In the building where I live, because of older wiring, the mains voltage frequently drops for a fraction of a second and this restarts my wifi router. I am planning to solder a capacitor in parallel to either input or output of the 9V power supply.

Would this work, and would it cause any problems?

  • 2
    \$\begingroup\$ easier, safer, better to just buy a cheap UPS. \$\endgroup\$
    – Mark
    Commented Sep 24, 2011 at 7:14

2 Answers 2


Yes, but ... .
A capacitor can help as you suggest but it may need more than that.

  • Restating Steven's formula - a Farad will supply one amp for one second with one volt of drop. So 10,000 uF ( = 0.010 Farad = 10 milliFarad = 10 mF*) will supply 0.01A = 10 mA for one second with one volt drop or 1 amp for 0.01 second with 1 volt drop. Murphy and reality adjust actual result somewhat but that gives you an idea

  • Capacitor Must be on a DC rail (ie not on AC input.)

  • Note that some such devices use AC input from power supply so that they can rectify it internally and generate + and - supply rails. Unusual but check what the power pack output voltage specification plate says.

  • Also, a few supplies feed 2 or more voltages from the power pack, but this is unusual.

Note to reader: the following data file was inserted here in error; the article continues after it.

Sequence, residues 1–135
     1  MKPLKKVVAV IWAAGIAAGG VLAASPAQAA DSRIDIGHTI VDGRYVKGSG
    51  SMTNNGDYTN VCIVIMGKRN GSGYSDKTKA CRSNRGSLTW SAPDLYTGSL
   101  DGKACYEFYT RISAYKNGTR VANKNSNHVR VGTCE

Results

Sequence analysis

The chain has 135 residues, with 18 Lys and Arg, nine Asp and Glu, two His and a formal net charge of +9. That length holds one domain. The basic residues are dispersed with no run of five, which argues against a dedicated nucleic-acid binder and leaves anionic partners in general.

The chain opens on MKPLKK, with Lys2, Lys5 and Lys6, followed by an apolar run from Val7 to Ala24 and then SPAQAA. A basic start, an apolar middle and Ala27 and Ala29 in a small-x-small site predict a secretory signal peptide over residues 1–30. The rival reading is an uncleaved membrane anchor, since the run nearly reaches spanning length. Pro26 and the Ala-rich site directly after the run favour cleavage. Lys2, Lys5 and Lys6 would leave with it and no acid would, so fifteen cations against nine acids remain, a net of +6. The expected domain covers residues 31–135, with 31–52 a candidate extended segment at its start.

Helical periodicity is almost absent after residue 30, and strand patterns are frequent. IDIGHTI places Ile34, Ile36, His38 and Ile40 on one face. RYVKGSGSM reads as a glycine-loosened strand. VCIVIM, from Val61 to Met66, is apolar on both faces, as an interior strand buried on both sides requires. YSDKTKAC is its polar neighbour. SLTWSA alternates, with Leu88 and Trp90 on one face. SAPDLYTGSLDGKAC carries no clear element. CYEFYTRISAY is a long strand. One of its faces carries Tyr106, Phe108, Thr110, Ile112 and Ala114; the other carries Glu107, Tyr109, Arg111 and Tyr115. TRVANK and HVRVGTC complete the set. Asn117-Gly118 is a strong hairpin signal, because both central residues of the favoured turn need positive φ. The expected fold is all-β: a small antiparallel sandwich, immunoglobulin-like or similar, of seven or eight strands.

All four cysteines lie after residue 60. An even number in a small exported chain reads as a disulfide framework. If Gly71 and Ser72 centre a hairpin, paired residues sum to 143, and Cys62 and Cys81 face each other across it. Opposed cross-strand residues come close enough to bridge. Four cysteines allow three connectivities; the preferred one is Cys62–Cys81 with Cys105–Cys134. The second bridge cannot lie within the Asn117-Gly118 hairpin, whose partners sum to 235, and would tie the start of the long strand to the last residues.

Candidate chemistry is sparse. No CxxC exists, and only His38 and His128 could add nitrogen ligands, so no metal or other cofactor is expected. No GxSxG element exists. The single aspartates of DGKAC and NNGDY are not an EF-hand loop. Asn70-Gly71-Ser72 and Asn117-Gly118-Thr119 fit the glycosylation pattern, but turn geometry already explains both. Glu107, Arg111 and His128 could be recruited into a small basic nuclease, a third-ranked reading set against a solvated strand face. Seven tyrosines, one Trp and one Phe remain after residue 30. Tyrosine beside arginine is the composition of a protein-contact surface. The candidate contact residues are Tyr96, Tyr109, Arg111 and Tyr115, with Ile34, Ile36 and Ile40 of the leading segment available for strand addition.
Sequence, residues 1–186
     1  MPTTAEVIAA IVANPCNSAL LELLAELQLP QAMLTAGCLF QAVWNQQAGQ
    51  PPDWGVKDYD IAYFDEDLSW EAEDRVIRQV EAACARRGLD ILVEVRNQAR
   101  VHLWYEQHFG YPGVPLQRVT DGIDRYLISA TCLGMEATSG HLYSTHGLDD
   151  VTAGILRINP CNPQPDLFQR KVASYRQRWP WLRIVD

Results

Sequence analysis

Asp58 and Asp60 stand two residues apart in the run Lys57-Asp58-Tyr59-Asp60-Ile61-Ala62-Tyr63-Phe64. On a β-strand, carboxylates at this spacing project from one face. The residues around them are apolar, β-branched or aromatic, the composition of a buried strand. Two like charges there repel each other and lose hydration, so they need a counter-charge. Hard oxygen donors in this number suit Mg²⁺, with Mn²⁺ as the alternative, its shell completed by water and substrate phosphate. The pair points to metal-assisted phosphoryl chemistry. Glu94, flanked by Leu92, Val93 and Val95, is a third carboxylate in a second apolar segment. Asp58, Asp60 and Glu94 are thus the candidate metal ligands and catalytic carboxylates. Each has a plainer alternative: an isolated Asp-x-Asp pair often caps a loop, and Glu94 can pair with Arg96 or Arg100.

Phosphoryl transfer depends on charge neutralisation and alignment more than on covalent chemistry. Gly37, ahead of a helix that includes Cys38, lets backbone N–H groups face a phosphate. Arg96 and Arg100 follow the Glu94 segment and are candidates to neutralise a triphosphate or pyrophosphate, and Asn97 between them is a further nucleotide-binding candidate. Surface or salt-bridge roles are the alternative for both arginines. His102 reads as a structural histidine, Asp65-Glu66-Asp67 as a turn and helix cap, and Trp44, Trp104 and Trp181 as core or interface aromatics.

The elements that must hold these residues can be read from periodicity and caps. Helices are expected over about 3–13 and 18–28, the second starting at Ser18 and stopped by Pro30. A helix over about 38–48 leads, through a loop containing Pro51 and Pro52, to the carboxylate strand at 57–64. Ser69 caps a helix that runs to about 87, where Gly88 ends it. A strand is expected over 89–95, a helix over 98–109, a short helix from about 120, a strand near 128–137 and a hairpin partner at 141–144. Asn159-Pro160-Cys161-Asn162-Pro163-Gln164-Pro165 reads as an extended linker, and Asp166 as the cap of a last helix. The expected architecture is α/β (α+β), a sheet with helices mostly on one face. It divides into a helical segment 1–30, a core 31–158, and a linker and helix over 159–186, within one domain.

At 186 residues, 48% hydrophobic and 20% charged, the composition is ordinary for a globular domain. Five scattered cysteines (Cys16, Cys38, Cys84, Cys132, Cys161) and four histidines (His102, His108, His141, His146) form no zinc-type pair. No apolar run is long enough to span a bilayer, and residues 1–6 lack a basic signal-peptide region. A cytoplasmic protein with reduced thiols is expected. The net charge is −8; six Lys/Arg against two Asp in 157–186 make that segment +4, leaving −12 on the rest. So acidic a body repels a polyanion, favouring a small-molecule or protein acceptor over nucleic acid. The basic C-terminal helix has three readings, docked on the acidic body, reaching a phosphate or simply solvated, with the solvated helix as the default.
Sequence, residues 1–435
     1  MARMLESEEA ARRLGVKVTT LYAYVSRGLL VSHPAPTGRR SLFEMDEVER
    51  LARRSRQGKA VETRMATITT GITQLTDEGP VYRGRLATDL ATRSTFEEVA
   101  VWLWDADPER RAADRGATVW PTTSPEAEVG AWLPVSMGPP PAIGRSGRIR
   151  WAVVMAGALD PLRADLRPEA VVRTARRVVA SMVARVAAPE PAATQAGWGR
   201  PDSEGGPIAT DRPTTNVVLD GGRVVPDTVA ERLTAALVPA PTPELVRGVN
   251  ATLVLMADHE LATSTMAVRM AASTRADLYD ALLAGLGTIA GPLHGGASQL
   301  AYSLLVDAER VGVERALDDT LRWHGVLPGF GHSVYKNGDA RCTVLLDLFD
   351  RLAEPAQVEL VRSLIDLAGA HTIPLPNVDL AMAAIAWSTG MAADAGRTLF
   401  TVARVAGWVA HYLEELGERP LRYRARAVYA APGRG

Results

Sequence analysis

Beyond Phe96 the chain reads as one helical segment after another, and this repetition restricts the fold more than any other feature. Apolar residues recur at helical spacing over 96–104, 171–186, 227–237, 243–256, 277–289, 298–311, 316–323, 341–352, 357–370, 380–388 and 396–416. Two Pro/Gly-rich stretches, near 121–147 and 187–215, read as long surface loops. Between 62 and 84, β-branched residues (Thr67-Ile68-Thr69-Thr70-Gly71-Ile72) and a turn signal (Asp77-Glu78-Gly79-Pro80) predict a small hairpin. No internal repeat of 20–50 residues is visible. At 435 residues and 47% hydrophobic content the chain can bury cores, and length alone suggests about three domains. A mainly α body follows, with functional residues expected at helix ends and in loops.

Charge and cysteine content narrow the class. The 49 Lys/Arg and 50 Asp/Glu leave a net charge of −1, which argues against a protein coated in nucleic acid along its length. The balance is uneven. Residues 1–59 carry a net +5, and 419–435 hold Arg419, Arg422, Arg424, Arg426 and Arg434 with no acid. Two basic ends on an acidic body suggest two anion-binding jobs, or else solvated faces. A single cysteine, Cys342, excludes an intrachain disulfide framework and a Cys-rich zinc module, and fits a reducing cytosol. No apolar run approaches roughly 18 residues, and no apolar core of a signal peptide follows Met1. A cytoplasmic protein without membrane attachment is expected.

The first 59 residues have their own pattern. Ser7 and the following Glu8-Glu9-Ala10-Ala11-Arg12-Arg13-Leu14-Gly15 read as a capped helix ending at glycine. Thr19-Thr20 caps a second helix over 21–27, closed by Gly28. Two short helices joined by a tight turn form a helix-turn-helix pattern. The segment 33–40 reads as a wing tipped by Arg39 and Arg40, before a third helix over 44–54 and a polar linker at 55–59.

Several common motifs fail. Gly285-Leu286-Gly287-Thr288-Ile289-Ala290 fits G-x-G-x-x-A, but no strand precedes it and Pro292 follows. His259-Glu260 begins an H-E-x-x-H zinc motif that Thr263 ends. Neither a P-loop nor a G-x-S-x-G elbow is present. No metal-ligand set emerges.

• A superCap may help for longish brownouts.

  • For very substantial brownouts you may not be able to sensibly provide a large enough capacitor. You could use a battery pack slightly below supply voltage with a Schottky diode to V+ so that when the mains dips the battery takes over automatically.

    A 9V "PP#" / "transistor" radio battery may do but voltage may be too high compared to 9V loaded supply. If so you could use several series diodes from battery to 9V rail to drop voltage. eg if battery = 9.75V O/C (about right for very new Alkaline 9V) and if loaded supply rail = 8.8V (say) difference = 9.75 - 8.8 = 0.95V.
    2 x silicon (not Schottky diodes would cause 9V battery to take over at ABOUT 9.75 - 1.2 = 8.55V. Drop across silicon diode (eg 1n400X) IS > 0.6v at 10's to 100s of mA. You could use an LDO regulator to allow very precise battery takeover BUT quiescent current needs to be very low. Not so crucial if battery is charged from supply usually - see below.

  • If using a battery you could use a rechargeable - connect to rail via diode as above AND a resistor in parallel with diode. Dimension resistor to provide a very small trickle current to keep battery supplied.

  • The smallest of UPS's with their own internal battery will handle this application well. Even one which has a very dead battery will probably hold up long enough for this. Such may be available free or close to free depending where you are.

For interest, where are you located?

Large Capacitors:

All values below are examples. Use values to suit what you are doing.

A large capacitor MAY be able to be used directly - depends on how the power supply reacts to a heavy short term overload as the capacitor charges.

If the supply does not "like" the capacitor startup load then as you note - use a resistor to charge the capacitor and a Schottky diode across the resistor to discharge into load when required.

As a starting point, dimension the resistor to allow cap to take max allowable current when cap is short circuit at startup. So if eg 9V 500 mA supply, a R = V/I = 9/0.5 = 18 ohm resistor will take 500 mA when the capacitor is dead short at startup and this will decrease as the capacitor charges.